Long assumed to be an unchanging and unquestioned bulwark of established power and privilege, religion in Latin America has diversified and flourished, while taking on new social and political roles in more open societies. How did this change occur? Why did churches in the region embrace new ideas about rights, sponsor social movements, and become advocates for democracy? Are further changes on the horizon? Daniel Levine explores these issues, uniquely situating the Latin American experience in a rich theoretical and comparative context.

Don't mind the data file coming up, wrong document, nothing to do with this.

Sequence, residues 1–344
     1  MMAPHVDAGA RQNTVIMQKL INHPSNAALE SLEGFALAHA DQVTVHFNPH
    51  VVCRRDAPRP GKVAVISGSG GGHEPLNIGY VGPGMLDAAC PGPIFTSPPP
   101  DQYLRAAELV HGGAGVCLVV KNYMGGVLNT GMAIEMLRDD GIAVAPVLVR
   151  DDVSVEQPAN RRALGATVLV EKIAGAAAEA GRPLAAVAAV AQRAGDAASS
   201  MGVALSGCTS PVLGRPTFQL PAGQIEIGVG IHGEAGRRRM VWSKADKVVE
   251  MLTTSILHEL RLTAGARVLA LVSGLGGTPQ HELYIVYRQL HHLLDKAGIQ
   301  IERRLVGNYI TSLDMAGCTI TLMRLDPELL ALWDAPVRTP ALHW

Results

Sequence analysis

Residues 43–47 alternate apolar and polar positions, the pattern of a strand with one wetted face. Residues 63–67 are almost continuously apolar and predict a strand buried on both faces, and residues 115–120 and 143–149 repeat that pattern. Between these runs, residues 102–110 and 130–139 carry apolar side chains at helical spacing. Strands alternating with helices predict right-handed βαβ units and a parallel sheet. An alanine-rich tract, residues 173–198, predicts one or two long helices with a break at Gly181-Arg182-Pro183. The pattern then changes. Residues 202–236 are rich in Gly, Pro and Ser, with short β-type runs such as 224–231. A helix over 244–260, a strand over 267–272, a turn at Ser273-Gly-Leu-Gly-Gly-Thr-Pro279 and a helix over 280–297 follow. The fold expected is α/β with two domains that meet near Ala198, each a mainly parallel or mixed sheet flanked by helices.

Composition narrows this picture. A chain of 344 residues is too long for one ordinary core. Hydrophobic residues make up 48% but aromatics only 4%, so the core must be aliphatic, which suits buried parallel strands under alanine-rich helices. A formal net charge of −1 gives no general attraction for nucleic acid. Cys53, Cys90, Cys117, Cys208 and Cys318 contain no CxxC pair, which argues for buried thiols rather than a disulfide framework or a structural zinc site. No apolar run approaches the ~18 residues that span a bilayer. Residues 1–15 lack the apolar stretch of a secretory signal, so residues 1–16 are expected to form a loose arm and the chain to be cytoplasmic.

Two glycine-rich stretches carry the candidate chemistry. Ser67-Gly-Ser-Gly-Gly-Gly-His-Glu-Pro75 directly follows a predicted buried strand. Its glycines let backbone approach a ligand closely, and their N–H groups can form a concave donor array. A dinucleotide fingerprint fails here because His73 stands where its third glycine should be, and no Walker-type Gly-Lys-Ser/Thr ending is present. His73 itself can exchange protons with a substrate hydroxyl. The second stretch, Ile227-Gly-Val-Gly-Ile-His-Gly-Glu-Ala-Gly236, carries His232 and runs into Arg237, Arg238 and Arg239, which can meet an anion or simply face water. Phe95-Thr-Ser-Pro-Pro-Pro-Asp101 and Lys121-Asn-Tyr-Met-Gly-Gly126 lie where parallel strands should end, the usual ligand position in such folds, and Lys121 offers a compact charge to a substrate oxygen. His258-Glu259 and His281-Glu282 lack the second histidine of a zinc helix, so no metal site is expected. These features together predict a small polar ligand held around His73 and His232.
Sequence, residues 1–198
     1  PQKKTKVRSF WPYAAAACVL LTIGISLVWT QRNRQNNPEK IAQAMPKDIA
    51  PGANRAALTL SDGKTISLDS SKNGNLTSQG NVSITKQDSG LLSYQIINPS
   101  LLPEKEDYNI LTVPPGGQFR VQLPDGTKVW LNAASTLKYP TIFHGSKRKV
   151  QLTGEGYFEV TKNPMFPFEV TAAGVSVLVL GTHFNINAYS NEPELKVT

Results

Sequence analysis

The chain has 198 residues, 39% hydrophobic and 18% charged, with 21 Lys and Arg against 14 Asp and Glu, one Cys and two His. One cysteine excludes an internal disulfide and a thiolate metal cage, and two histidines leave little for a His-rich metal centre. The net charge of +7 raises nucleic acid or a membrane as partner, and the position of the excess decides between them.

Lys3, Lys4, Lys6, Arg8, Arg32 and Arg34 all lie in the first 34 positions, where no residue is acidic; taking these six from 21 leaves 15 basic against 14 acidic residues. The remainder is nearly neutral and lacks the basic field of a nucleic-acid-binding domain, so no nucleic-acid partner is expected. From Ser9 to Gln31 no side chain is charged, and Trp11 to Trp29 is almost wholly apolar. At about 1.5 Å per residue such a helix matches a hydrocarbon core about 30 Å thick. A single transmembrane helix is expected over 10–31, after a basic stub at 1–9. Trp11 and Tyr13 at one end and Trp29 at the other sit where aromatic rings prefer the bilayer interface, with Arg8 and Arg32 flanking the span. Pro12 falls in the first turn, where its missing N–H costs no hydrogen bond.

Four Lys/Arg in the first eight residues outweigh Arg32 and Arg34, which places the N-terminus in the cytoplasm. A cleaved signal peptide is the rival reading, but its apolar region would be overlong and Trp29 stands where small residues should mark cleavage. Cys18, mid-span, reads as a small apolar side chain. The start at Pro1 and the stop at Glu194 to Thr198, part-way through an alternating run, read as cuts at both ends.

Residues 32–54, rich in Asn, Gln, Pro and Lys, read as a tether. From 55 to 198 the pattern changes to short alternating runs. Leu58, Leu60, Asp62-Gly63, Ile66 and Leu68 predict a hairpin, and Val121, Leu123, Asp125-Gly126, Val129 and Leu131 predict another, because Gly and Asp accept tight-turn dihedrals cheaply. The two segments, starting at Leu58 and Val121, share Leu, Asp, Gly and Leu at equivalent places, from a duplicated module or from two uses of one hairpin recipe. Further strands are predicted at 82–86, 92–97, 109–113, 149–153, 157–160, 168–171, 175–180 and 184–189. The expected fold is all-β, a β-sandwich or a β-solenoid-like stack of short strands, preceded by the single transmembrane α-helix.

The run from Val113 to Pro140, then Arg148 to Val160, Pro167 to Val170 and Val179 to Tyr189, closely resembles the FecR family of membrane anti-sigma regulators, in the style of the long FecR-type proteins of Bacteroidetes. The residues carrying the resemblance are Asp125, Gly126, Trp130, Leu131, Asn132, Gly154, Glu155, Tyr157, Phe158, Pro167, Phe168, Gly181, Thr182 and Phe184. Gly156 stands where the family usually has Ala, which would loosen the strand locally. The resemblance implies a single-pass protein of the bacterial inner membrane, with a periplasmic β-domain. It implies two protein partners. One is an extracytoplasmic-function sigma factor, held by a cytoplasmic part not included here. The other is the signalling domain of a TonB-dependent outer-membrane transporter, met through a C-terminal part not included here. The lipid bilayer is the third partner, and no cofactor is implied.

Daniel H. Levine is professor emeritus of political science at the University of Michigan. His numerous publications include The Quality of Democracy in Latin America (coedited with Jose E. Molina), Popular Voices in Latin American Catholicism , and Religion and Politics in Latin America: The Catholic Church in Venezuela and Colombia .